Consumer concerns about poor working conditions in Asian factories and toxic chemicals used in fabric production are driving interest in ethical fashion, helping it start to appeal to a broader market. The collapse of an eight-storey garment factory in Bangladesh last April that killed more than 1,100 people drew global attention to the perilous conditions.
Since then, labour unrest over working conditions has plagued the sector in Bangladesh and Cambodia.
The fashion industry has also been the target of vocal campaigns from environmental groups like Greenpeace. They have piled pressure on global brands to stop using chemicals which they say can pollute rivers near factories and threaten the health of workers and consumers.
Awareness of these issues has helped ethical fashion start to shake off its reputation as a niche sector, said Olaf Schmidt, organiser of the Ethical Fashion Show in Berlin.
The growing consumer interest is underlined by the number of brands showcasing their wares at the trade fair this year -- 116, up from 36 when the show launched two years ago and 85 last year, he said.
"It shows how important the topic is among consumers. But it is primarily about fashion. Being 'green' is in the background. The days of itchy jumpers are long gone," he said on Tuesday.
The Jan 14-16 show, part of Berlin fashion week, features brands which use organic cotton, wool and bamboo or alternative materials such as recycled leather and plastic, and pledge to improve pay and conditions for farmers and garment workers.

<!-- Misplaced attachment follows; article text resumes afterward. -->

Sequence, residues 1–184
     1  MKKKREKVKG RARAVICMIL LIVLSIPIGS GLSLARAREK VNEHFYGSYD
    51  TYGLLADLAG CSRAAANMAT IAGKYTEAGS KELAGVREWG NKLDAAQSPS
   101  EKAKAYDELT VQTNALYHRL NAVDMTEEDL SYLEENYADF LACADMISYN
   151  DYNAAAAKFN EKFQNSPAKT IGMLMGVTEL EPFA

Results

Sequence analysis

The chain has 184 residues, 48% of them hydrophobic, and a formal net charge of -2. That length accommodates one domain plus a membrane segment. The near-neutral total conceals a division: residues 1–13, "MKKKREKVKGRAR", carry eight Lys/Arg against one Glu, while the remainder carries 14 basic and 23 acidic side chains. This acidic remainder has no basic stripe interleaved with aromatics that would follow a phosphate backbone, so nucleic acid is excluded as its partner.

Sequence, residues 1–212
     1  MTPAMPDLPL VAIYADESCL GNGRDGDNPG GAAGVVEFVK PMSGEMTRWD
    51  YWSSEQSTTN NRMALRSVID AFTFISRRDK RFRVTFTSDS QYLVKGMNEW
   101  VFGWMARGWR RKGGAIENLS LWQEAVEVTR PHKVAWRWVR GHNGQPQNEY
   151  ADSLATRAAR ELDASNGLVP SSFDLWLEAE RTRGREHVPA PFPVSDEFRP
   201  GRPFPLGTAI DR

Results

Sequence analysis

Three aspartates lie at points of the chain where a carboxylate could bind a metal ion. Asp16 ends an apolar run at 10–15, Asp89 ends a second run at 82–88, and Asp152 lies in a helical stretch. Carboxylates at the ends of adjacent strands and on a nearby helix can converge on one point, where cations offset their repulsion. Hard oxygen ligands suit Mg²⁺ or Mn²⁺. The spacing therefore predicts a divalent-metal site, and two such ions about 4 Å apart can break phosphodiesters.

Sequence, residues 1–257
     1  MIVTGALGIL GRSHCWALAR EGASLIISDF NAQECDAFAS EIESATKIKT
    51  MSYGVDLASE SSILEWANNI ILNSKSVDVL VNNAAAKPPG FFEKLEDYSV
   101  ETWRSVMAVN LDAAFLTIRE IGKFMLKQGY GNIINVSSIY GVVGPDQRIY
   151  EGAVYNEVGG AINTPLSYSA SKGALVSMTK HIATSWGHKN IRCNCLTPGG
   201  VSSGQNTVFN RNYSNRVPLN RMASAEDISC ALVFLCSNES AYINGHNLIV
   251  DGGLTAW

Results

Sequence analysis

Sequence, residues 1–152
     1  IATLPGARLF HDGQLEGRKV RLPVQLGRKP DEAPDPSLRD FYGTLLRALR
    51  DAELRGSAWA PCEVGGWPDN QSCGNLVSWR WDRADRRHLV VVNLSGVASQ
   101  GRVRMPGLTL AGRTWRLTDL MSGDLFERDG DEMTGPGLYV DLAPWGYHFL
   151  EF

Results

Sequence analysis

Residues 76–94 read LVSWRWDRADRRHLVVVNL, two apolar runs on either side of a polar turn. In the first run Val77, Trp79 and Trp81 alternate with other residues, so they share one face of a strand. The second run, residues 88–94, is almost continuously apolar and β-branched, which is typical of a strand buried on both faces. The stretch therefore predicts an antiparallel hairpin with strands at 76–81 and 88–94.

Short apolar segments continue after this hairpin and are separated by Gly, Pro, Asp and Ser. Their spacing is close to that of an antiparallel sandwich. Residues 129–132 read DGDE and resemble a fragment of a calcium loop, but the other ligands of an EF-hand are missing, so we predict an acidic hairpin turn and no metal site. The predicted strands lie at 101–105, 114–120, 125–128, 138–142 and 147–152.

While the rapid rise of fashion discounter Primark might suggest otherwise, recent market research by Mintel shows consumers seek quality over price when shopping for clothes in Britain, France, Germany, Italy and Spain.
Mintel said ethical and environmental concerns are strongest in southern Europe.
"We don't want to go with a wagging finger to the customer. They should find us cool, and socially and environmentally friendly," Juerg Braendli said in Berlin as he launched men's casualwear brand "Outfitters of Change".
"We are not green fashion in the classic sense ... We want the collection and the price to appeal to the mass market."
The brand is marketing a range of men's T-shirts, sweatshirts and jackets costing 39 to 149 euros ($53-200) in Germany, Switzerland and Austria. It offers an online tool to allow customers to trace the full supply chain of each item.
Sebastian Gluschak, co-founder of Berlin-based Kancha, is pursuing a similar strategy for embroidered felt and leather laptop and smartphone sleeves made in Kyrgyzstan, each featuring a label signed by the craftsman who made it.
"We don't just want green customers. We want normal design-conscious consumers. That is the only way to make change," he said in front of a big photograph of Kyrgyz craftswoman Elniza.
Consumer concern on ethical issues has also been recognised by big brands like Hennes & Mauritz AB and Marks & Spencer who have been trying to improve their green credentials by offering to recycle unwanted clothes, while also making commitments to improve factory working conditions.
Mintel retail analyst John Mercer said mainstream retailers should also provide more information on the origin and ethics of their garments either through labelling or online.
"Retailers need to work together as an industry to make the clothing supply chain more transparent to prevent the government imposing legislation upon the sector," he said.
Emmanuelle Leveque says she was driven to set up fair trade clothing brand Origines Nomades by her experience as a buyer for the mainstream garment industry in Bangladesh and India.
"I was asking the supplier to work day and night and I realised you can't ask people to work 90 hours a week when in France we work a 35-hour week," Leveque said, modelling a hand-woven fitted jacket with embroidered edging made in Bangladesh that retails for 129 euros.
"People are still looking for a cheap price but if you give them a reason why, they are prepared to pay more," she said.